“I also seem to recall him promising to cut the deficit, and he didn't come through on that either.”
You're having a political debate with someone on an Internet forum. You're listing things that you don't like about the current president. One thing you don't like is that the country is in debt, and the president hasn't fixed that.
I also seem to recall him promising to cut the deficit, and he didn't come through on that either.
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The phrase "I seem to recall..." means that you think that you remember something. You can use this phrase if you're not sure about what you remember:
I seem to recall him telling me about some video game that he was into, but I don't remember which one.
You can also use "I seem to recall..." when you are sure about what you remember, but it seems like other people have forgotten it:
I seem to recall you telling me that you were going to send me those pictures. What happened to that?
Use this phrase to describe a promise that someone made:
Didn't she promise to help you?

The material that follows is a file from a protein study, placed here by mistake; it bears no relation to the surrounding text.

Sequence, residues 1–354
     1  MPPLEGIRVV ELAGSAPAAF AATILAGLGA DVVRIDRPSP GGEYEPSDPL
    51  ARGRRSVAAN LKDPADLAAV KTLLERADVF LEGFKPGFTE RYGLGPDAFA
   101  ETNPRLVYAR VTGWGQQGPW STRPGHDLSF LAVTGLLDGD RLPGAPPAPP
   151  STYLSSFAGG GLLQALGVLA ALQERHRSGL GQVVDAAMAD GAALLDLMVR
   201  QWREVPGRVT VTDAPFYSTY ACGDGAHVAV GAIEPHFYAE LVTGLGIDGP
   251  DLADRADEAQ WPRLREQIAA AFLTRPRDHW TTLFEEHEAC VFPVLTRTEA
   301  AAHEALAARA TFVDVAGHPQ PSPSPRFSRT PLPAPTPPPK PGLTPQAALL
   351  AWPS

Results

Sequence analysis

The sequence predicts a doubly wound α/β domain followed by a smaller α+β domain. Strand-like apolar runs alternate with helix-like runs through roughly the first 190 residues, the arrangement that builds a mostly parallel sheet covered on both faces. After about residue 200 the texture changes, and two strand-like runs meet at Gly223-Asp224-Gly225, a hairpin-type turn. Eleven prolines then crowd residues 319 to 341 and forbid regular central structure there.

You can also use "promised not to ___":
What the hell! You promised not to tell him.
When a government spends more money than it collects, that is called a "budget deficit" or just a "deficit".
The phrase "cut the deficit" means to reduce the difference. For example, if the government was spending $100 billion per year more than it was collecting, and now it's only spending $50 billion more per year, then a politician might say:
We've cut the deficit in half.
We've cut the deficit by 50 percent.
If someone makes a promise, and they successfully keep their promise even though it was difficult or in doubt, then you can say that that person "came through":
She said that she'd make it to my show, and this time she came through.
Aside from a promise, you can also "come through" on someone's wish or hope. For example, you might talk about a sports team this way:
Man, that was a really tough match, and I didn't know if they'd be able to pull it off, but yeah, they came through!